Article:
I drew back. “Easy there, cowboy. That’s a lot of energy.”
“All right, all right. Can’t blame a guy for trying. How about one milligram?”
“Yeah, I can swing that.”
He clapped. “Hell yeah! Astrophage comin’ my way!” He leaned forward to me. “Isn’t it amazing? Astrophage, I mean? It’s like…the coolest thing ever! Again, God’s just handing us the future!”
“Cool?” I said. “It’s an extinction-level event. If anything, God’s handing us the apocalypse.”
He shrugged. “I mean, maybe a little. But man. Perfect energy storage! Imagine a battery-powered household. Like—you have a double-A battery, but full of Astrophage. That’d last your house about a hundred thousand years. Imagine buying a car and never having to charge it up? The entire concept of power grids is going to end. And it’ll all be clean, renewable energy once we start breeding the stuff on the moon or something. All it needs is sunlight!”
“Clean? Renewable?” I said. “Are you suggesting Astrophage will be…good for the environment? Because it won’t be. Even if Hail Mary finds a solution, we’re looking at a mass extinction. Twenty years from now, a whole bunch of species on Earth will be extinct. And we’re working hard to make sure humans aren’t one of them.”
He waved off my comment. “Earth’s had five mass extinction events in the past. And humans are clever. We’ll pull through.”
“We’ll starve!” I said. “Billions of people are going to starve.”
“Naaaah,” he said. “We’re already stockpiling food. We’ve got a bunch of methane in the air to hold in the solar energy. It’ll be all right. As long as Hail Mary succeeds.”
I just stared at him for a moment. “You are, without a doubt, the most optimistic person I’ve ever met.”
He gave me a double thumbs-up. “Thanks!”
He picked up the beetle and turned to leave. “Come on, Pete, let’s get you some Astrophage!”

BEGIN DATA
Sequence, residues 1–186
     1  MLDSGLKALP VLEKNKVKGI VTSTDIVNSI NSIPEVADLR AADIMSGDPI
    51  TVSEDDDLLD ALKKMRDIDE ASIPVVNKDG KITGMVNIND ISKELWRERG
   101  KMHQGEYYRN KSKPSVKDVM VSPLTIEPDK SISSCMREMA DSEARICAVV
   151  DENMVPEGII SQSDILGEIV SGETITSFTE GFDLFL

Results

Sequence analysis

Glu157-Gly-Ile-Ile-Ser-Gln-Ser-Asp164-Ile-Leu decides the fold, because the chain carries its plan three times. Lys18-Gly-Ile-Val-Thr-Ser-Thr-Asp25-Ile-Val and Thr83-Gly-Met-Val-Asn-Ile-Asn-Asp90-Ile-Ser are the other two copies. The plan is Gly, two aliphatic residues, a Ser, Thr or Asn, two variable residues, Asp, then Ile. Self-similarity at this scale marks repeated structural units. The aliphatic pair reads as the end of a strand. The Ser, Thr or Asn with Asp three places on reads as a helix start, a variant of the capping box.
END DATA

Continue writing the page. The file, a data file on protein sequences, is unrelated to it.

“Pete?” I asked.
He looked over his shoulder. “Sure. I’m naming them after the Beatles. The British rock group.”
“I take it you’re a fan?”
He turned back to face me. “Fan? Oh, yes. I don’t want to exaggerate, but Sgt. Pepper’s Lonely Hearts Club Band is the greatest musical accomplishment in the history of mankind. I know, I know. Many would disagree. But they’re wrong.”
“Fair enough,” I said. “But why Pete? Aren’t the Beatles named John, Paul, George, and Ringo?”
“Sure. And that’s what we’ll call the ones aboard the Hail Mary. But this fella is for testing in low Earth orbit. I get a whole SpaceX launch just for me! Isn’t that amazing! Anyway, I named him after Pete Best—he was the drummer for the Beatles before Ringo.”
“Okay, I didn’t know that,” I said.
“Now you do. I’m gonna get that Astrophage now. I’ve got to make sure these beetles will be able to…‘Get Back.’ ”
He frowned. “ ‘Get Back.’ It’s a song. It’s by the Beatles.”
He spun on his heel and left. “Some people got no appreciation for the classics.”
I was left confused in his wake. Pretty sure I wasn’t the first.
Rocky was dumbfounded by relativity. For the first couple of hours, he simply refused to believe me. But then, as I showed more and more about how it explained his trip, he came around. He doesn’t like it, but he accepts that the universe uses rules that are much more complicated than we can see.